The BolognaRagazzi Digital Award and the future of digital content for children and young adults after the pandemic
by Roberta Franceschetti, co-founder of Mamamò and member of the BRDA jury.
The traditional Masterclass “Dust or Magic” was held as part of the digital edition of BCBF. Targeting all professionals interested in taking a deep dive into the latest digital media content for children and young adults, the meeting was organised in partnership with Children’s Technology Review, and was part of the Aldus program, the European Book Fairs’ network. As well as Elena Pasoli, Exhibition Manager of BCBF, facilitators included members of the BolognaRagazzi Digital Award jury: Warren Buckleitner – editor of Children’s Technology Review (USA), Lucy Gill – creator of the Good App Guide and founder of Digills Consulting (United Kingdom), Neal Hoskins of Wingedchariot (United Kingdom), and for Italy, me, the writer of this article, and co-founder of Mamamò.
After a close look at the winners of the 2020 BolognaRagazzi Digital Award, the meeting considered the impact of Covid-19 on the market and family screen time.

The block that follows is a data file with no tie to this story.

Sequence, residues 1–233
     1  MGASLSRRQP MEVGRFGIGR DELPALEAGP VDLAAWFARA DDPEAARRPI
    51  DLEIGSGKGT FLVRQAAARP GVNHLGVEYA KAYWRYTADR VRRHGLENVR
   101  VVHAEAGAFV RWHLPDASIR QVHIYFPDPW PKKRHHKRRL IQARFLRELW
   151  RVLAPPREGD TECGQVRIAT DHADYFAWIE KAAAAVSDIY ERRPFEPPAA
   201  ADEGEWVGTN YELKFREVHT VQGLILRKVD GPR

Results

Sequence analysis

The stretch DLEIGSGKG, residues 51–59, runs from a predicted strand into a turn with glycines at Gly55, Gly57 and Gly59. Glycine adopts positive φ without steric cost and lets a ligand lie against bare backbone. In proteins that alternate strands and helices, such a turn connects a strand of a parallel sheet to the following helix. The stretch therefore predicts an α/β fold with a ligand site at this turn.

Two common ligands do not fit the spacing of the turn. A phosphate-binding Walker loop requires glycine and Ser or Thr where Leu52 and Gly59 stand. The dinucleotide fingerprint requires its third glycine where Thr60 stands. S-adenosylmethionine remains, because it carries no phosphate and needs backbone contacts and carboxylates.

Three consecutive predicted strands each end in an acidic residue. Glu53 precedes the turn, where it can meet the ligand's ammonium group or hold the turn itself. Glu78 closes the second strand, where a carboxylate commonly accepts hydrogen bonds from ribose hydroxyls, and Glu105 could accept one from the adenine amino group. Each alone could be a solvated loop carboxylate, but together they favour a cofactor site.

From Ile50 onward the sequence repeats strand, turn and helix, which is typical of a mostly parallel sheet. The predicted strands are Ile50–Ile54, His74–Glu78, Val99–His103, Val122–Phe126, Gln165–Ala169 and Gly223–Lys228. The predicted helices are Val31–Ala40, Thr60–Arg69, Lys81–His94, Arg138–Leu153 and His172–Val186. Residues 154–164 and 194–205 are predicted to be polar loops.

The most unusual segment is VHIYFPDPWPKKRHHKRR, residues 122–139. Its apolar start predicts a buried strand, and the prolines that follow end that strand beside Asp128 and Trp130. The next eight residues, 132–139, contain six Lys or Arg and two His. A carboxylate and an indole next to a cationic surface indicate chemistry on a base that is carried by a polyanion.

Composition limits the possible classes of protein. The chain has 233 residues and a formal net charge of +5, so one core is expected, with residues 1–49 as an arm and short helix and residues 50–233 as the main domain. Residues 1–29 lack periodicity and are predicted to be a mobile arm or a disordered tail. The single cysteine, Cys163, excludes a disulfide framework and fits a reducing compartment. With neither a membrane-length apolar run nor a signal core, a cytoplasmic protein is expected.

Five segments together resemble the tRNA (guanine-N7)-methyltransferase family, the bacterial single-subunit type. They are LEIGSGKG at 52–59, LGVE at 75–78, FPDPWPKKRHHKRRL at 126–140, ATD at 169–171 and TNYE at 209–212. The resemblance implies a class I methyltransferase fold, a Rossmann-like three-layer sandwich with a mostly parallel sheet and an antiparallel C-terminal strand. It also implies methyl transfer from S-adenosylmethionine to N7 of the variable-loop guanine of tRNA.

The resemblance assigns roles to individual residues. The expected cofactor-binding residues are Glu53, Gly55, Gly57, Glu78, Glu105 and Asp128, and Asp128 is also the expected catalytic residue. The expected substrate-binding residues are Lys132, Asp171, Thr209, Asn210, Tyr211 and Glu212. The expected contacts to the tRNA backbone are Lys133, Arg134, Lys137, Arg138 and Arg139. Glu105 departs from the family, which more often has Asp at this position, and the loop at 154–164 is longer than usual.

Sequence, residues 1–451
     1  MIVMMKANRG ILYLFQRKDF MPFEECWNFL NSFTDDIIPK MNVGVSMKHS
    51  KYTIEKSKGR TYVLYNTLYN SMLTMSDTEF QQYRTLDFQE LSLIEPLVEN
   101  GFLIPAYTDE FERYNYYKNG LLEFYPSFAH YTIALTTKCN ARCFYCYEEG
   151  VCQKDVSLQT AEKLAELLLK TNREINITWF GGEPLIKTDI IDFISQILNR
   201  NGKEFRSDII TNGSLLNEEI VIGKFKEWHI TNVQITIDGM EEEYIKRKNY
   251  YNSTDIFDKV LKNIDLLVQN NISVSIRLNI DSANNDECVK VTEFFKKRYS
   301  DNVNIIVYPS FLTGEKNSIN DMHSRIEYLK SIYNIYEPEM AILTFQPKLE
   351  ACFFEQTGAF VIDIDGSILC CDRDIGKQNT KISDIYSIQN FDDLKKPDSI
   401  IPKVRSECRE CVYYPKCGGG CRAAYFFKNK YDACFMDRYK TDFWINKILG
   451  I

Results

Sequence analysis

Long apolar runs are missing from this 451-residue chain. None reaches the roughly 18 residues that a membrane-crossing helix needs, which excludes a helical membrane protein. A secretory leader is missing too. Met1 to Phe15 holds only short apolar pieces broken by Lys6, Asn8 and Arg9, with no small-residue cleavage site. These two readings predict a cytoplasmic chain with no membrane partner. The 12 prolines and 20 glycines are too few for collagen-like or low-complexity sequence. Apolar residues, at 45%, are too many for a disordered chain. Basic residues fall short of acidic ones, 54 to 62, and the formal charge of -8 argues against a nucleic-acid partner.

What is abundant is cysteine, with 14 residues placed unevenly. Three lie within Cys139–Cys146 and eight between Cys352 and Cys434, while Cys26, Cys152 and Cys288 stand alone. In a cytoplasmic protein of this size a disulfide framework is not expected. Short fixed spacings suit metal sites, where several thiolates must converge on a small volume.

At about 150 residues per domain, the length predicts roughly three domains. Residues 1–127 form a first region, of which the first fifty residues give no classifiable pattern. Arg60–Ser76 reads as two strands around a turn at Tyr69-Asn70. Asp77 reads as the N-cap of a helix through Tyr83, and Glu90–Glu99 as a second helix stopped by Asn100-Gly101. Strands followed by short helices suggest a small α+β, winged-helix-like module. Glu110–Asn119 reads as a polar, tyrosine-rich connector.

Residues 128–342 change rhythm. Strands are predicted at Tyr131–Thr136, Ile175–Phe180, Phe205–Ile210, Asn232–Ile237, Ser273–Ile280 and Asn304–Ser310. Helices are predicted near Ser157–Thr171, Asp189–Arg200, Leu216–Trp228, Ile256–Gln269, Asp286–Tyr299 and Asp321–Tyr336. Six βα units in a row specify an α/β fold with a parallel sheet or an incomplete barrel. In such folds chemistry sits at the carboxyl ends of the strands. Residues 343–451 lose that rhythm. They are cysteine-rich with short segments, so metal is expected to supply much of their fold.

The pandemic as a gamechanger
The first thing to come out of the masterclass was the extent to which the pandemic has been a gamechanger of the rules underpinning the market of digital content for young people.
Only a few months earlier, public debate around young children and digital media had been focused on screen time and the need for a balanced media diet. Today, the world has discovered it has 1.2 billion children out of school and families facing the difficulty of distance learning and the need to find quality content online.
These new requirements have led to a boom in the digital services targeting families. For example, in April our Mamamò website, which selects and reviewers digital content for young children, had three times more hits than in January. The Disney + on-demand platform doubled the number of subscribers during the pandemic, and Google Classroom was among the 10 most downloaded apps during March.
During the lockdown, people read books and very frequently switched on a screen. Can we say that new opportunities and challanges came out from these hard times, such as a new relationship between the book and the screen? What sort of content are families looking for?
During the lockdown, films were the most sought-after content, along with learning tools and programs for special-needs children. These three areas sum up the key concerns of families: entertainment, education, and special-needs.
Are parents willing to pay for digital content? During the pandemic, the research for free content continued as before. However, an increasing number of families were willing to buy products, especially digital educational and entertainment content. In the future, therefore, we will probably see more subscription-based educational platforms, like “Marco Polo World School” and “Super Simple” - both on this year’s BRDA shortlist – whose broad-content libraries range from videos and ebooks to videogames, all accessible through a simple intuitive interface.